Hi Susan and others! The cilantro-tasting-like-soap-thing genetic. Just like you can curl your tongue or you can’t; you have a widow’s peak hairline or you don’t. Cilantro tastes like soap or it doesn’t. =) I find it funny that this is the first time I’ve chimed in, but Susan, I LOVE your blog! I began eating vegan earlier this year and have been so happy with how I feel! We’ve been in the process of moving for the last couple of weeks, so I have not been cooking much at all. I have been eating dairy and added oils quite a bit and it’s not good! Soon I’ll be able to get back to normal! I made your baba ganoush last week since I had baby eggplants in my CSA box – delicious! Seriously, your blog is my go-to website. I’ve made a lot of your recipes and my whole family has loved it. So glad you are a mom who understands trying to make healthy foods delicious! Thanks again and I’ll try to post more! Kindly, Melissa

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8 Zoe Sodjda November 28, 2012 at 5:25 pm

I’ve been looking at the recent Tunisian recipe, chickpea & potato salad, as well as an older one that’s a bean & chickpea stew. They look delicious. Do you have a good recipe for harissa? Thanks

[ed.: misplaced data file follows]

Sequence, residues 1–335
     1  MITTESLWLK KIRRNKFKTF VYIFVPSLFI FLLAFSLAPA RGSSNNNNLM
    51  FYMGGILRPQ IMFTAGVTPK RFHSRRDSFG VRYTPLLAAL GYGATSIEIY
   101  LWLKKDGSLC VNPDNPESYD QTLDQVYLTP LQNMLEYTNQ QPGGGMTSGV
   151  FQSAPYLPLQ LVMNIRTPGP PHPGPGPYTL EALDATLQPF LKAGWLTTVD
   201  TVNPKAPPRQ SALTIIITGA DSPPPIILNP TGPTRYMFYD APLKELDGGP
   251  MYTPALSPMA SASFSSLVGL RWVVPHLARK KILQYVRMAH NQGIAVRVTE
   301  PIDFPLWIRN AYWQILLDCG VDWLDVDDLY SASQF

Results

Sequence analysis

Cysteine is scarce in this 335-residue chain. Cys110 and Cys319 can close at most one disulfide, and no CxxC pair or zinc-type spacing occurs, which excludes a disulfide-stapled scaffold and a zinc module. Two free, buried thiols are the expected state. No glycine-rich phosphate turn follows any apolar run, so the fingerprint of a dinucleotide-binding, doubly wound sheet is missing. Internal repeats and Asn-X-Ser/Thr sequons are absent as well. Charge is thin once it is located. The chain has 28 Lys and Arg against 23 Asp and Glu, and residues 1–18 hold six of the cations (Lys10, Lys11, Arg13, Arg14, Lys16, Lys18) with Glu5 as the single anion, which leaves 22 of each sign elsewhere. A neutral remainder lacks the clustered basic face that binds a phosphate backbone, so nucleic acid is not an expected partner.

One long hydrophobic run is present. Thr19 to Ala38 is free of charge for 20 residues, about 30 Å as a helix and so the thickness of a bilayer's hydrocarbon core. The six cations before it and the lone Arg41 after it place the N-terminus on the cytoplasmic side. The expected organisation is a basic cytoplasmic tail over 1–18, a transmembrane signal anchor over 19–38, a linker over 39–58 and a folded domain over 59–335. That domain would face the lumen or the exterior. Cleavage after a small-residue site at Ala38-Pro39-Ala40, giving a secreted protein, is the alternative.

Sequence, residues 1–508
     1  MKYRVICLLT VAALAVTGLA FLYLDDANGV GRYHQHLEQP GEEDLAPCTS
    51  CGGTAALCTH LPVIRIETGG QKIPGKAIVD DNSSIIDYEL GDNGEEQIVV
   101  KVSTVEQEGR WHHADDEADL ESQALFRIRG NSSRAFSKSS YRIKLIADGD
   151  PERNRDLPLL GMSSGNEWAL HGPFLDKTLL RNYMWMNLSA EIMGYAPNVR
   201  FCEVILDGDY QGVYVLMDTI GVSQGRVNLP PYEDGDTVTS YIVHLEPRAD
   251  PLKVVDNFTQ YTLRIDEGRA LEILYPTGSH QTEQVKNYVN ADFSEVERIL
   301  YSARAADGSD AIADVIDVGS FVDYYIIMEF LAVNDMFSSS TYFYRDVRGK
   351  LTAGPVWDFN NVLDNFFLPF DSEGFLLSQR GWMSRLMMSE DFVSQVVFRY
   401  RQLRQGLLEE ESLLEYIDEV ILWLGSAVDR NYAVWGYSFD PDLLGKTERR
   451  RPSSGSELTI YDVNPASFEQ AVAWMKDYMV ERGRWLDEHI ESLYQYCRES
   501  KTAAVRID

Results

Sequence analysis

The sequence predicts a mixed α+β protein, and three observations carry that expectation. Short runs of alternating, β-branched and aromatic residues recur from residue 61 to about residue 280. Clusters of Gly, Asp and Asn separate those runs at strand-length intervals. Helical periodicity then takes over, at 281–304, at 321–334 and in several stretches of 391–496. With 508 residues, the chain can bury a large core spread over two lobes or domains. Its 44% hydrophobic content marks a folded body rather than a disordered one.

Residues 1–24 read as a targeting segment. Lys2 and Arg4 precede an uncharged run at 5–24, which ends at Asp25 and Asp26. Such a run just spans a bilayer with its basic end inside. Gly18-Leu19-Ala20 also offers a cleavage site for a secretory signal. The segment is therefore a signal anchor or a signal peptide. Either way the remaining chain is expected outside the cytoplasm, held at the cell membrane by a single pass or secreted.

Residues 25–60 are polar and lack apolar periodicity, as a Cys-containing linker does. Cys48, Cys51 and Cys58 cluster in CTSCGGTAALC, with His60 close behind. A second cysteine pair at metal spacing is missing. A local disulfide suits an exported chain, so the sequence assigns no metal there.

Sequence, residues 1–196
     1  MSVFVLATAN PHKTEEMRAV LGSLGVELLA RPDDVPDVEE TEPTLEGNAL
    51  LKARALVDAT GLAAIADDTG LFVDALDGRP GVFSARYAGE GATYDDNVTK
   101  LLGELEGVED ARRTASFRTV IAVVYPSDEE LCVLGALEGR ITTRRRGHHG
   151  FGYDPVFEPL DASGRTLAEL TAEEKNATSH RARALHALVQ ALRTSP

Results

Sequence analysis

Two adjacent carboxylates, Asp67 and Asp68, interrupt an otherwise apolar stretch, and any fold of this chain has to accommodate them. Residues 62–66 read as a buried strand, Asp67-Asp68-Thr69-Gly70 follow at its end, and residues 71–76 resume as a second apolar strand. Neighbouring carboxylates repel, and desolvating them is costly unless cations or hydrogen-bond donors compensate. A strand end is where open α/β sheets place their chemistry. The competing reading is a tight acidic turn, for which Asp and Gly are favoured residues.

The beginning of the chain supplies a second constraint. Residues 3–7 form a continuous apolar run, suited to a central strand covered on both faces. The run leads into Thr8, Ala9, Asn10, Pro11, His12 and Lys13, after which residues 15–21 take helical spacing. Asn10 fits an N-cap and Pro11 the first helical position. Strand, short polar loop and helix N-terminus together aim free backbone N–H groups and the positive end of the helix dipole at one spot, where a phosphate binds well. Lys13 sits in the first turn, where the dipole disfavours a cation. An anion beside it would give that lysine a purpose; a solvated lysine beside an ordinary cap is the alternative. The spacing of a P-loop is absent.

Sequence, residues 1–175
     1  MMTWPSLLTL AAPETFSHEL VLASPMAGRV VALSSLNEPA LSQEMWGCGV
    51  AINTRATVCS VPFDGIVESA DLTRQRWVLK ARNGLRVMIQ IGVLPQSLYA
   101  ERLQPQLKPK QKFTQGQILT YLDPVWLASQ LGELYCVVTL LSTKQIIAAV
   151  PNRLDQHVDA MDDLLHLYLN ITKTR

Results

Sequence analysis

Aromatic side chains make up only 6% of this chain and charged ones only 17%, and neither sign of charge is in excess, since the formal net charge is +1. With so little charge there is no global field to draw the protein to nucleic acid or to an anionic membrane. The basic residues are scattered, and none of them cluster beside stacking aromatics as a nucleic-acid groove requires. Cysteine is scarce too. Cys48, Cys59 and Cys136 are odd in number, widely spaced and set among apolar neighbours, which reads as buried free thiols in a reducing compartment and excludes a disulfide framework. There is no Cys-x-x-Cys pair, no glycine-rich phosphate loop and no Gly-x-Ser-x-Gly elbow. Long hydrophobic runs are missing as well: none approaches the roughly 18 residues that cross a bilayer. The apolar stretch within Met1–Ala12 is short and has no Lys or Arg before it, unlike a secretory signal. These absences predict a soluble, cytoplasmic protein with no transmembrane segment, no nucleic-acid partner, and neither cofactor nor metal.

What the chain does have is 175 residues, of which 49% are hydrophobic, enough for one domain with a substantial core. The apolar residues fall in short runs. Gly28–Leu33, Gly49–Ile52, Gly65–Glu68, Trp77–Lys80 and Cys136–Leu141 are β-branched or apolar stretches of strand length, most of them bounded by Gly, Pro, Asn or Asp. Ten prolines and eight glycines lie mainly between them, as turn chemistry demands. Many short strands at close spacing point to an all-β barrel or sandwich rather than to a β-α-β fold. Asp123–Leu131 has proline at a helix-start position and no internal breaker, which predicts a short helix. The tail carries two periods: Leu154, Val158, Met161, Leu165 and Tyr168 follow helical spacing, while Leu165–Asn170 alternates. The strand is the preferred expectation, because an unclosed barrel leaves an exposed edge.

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9 Susan Voisin November 28, 2012 at 5:39 pm

I’ve never made it myself, but I’ve seen recipes online that get good reviews. One day I’ll have to try making my own.

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10 nicole April 23, 2013 at 6:20 pm

I was skeptical of this dish, but made it anyway. Wow, it’s unusual to my palate, but quite yummy. I made harissa from the following recipe: http://fuchsfoodie.blogspot.com/2010/05/harissa-at-cava-mezze-makes-me.html
and used 3 tsp. It didn’t turn out all that spicy so if you like heat, use more.

I also substituted sweet potatoes for the pumpkin as it’s not pumpkin season. I also cooked it in a slow cooker.

I will definitely make this again. However next time I want to use different beans to add a bit more color to the dish.

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11 Bryanna Clark Grogan October 3, 2013 at 10:24 am

Thanks for posting this, Susan! I love Habeeb Salloum’s books and own several of them, including the one you reference here. He is a Canadian who’s family emigrated from Syria to the Canadian Prairies in the 1920′s. He is an amazing scholar and you can find his essays on language, food, history and travel on the internet. One of my most prized books is a signed copy of his book “Arab Cooking on a Saskatchewan Homestead”, which chronicles his family’s journey and struggles on a Saskatchewan homestead, especially during the 1930′s drought. Their nourishing traditional foods, such as chickpeas and homemade bulgur wheat, enabled them to eat well and stay healthy during that time. The book is not vegetarian, but a large percentage of the recipes are, and most can be veganized. I just love this type of cookbook, which includes history and a personal story.